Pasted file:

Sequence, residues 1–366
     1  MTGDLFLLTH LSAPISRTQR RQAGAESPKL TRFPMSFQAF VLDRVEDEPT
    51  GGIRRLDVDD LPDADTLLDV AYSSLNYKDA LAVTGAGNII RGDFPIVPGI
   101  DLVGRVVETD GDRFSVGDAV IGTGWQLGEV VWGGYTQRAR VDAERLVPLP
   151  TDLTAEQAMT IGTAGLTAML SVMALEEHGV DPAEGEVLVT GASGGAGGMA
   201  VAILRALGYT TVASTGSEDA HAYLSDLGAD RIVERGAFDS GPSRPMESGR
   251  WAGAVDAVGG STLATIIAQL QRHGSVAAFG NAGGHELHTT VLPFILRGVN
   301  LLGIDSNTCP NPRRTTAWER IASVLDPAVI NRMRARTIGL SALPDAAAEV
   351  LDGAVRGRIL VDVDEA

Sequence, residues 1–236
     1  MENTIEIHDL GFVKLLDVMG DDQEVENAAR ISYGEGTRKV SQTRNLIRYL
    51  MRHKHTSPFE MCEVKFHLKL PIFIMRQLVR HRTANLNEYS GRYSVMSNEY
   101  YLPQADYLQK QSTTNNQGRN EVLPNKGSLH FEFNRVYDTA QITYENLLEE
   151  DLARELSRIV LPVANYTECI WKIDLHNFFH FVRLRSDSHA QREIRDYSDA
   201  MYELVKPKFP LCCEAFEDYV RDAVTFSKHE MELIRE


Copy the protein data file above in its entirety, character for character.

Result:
Sequence, residues 1–366
     1  MTGDLFLLTH LSAPISRTQR RQAGAESPKL TRFPMSFQAF VLDRVEDEPT
    51  GGIRRLDVDD LPDADTLLDV AYSSLNYKDA LAVTGAGNII RGDFPIVPGI
   101  DLVGRVVETD GDRFSVGDAV IGTGWQLGEV VWGGYTQRAR VDAERLVPLP
   151  TDLTAEQAMT IGTAGLTAML SVMALEEHGV DPAEGEVLVT GASGGAGGMA
   201  VAILRALGYT TVASTGSEDA HAYLSDLGAD RIVERGAFDS GPSRPMESGR
   251  WAGAVDAVGG STLATIIAQL QRHGSVAAFG NAGGHELHTT VLPFILRGVN
   301  LLGIDSNTCP NPRRTTAWER IASVLDPAVI NRMRARTIGL SALPDAAAEV
   351  LDGAVRGRIL VDVDEA

Sequence, residues 1–236
     1  MENTIEIHDL GFVKLLDVMG DDQEVENAAR ISYGEGTRKV SQTRNLIRYL
    51  MRHKHTSPFE MCEVKFHLKL PIFIMRQLVR HRTANLNEYS GRYSVMSNEY
   101  YLPQADYLQK QSTTNNQGRN EVLPNKGSLH FEFNRVYDTA QITYENLLEE
   151  DLARELSRIV LPVANYTECI WKIDLHNFFH FVRLRSDSHA QREIRDYSDA
   201  MYELVKPKFP LCCEAFEDYV RDAVTFSKHE MELIRE